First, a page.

Berlin—A Mirror of Our World?
By Awake! correspondent in Germany
NOVEMBER 9, 1989, saw joyful crowds climbing the Berlin Wall and countless East Berliners crossing the checkpoints—unbelievable for most Germans and TV watchers around the world.
Since 1945 Berlin has, in some respects, mirrored the rivalry between the two superpowers, represented as “the king of the north” and “the king of the south.” (Daniel 11:36-45) How did this rivalry develop in Berlin, and why did the borders now open? Will our divided world also change?
During World War II, the Soviet Union, the United States, and Britain united in combating Nazi Germany. The allies assumed this cooperation would continue postwar. Hence, they agreed to apportion defeated Germany into occupation zones and to share its capital, Berlin, which was to enjoy special status. So in 1945 Germany and Berlin were divided up to be controlled by Soviet, American, British, and French military administrations.
Soon it became apparent that the powers saw and did things differently. The Soviet Union wanted a Communist administration for all Berlin, but the Western powers promoted a pluralistic system in their sectors. In the election of October 1946, four out of every five Berliners voted against the Communists.
In 1948, when the Western powers decided in favor of an economic reconstruction and of having a single democratic state in their occupation zones in West Germany, the Soviets left the Allied Control Council. Thus ended the joint four-power administration. Hope of governing Germany unitedly from Berlin proved short-lived.
The Cold War Begins
Berlin, embraced by the Soviet zone, kept its four-power status. For the Soviets, controlling the city’s eastern sector, the Western enclave was a dangerous “alien element.” In June 1948 they launched a total land blockade of the Western sectors so as to cut West Berlin’s supply lines and force the West to abandon its rights in Berlin. How would the West react?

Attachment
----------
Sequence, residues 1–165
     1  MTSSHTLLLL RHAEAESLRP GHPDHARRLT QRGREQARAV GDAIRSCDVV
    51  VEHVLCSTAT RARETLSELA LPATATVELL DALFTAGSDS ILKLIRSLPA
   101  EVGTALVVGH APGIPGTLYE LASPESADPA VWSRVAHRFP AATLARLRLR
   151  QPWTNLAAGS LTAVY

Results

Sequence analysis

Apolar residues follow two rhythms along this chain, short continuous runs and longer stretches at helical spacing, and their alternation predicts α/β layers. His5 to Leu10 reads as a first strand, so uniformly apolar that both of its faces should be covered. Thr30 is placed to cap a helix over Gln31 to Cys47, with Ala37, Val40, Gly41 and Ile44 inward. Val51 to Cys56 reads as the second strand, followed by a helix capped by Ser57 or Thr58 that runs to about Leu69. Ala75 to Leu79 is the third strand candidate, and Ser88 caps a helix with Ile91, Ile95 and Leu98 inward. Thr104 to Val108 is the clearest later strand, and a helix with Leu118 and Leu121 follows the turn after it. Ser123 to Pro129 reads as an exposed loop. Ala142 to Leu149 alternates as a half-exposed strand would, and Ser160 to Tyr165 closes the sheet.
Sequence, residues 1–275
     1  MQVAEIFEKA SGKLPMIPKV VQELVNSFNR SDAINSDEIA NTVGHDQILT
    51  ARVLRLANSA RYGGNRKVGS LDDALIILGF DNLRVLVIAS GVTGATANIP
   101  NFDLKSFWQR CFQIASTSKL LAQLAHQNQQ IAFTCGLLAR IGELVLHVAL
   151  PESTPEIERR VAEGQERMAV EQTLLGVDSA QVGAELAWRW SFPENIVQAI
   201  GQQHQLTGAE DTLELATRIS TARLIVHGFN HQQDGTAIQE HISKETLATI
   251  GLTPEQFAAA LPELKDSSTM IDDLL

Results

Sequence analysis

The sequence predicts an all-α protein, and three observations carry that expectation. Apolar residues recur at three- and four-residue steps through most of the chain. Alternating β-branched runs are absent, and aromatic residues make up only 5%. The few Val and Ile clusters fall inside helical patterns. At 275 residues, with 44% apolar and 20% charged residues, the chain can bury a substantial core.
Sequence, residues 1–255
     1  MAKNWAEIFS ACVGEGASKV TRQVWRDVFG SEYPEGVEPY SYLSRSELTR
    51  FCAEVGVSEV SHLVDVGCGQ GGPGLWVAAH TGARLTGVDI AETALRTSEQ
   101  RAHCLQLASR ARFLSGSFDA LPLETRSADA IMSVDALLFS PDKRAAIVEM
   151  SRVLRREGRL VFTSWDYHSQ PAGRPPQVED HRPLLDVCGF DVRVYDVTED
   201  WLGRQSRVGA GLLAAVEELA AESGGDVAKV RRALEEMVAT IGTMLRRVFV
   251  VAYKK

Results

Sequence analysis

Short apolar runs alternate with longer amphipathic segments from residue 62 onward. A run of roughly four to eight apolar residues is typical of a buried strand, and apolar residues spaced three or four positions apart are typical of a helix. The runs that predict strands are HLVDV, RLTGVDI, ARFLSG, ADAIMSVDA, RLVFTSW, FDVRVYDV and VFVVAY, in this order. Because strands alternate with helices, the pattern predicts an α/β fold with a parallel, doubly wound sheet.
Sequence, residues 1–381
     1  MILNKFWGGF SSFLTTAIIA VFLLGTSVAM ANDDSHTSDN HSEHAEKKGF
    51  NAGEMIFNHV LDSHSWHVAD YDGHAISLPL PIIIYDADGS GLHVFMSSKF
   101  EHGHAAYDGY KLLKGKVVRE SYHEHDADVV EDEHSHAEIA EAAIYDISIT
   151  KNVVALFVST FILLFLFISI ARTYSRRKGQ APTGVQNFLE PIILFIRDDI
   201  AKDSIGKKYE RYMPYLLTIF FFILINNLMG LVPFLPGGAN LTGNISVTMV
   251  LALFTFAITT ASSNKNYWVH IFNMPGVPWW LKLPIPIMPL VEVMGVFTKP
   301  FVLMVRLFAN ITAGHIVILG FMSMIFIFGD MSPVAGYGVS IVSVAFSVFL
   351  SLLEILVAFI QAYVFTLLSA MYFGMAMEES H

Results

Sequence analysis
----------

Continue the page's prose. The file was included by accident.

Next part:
On June 26, 1948, the greatest airlift in history commenced. In about one year, the United States and Britain organized 279,114 flights, conveying some 2.3 million tons of food, coal, and other goods to the city. “The Berlin blockade was the overture to the Cold War,” comments Norman Gelb in his book The Berlin Wall. “At the same time, the response to the blockade dramatically confirmed American leadership of the West.”
He continues: “For Moscow, the Allied ability to resist Soviet efforts to drive them out of their rogue enclave in the middle of Communist territory confirmed the unshakable conviction that the West was determined to destroy the Soviet system. There was no longer any doubt in the Kremlin that, to survive, the Soviet Union would have to become a military superpower. The struggle for Berlin set the stage for the superpower rivalry between Russia and America which was to become the dominant feature in international affairs during the second half of the twentieth century.”
When the blockade stopped, the Western powers determined to stay in Berlin, protecting its status. The gap between East and West seemed unbridgeable when, in 1949, two German states were founded: the Federal Republic of Germany (West) and the German Democratic Republic (East). Berlin now had two civilian administrations and two currencies. During 1952 and 1953, the East German state severed telephone links and cut off street connections and bus routes between East and West Berlin.
Whereas citizens in the West experienced a Wirtschaftswunder, an economic boom offering consumers a vast selection of goods, many in the East were left unsatisfied. This became obvious in June 1953, when East Berliners went on strike, demonstrations spreading to all parts of East Germany. Escalation led to violent revolt against the Communist system. The East German government asked Soviet troops for help. Tanks suppressed the upheaval.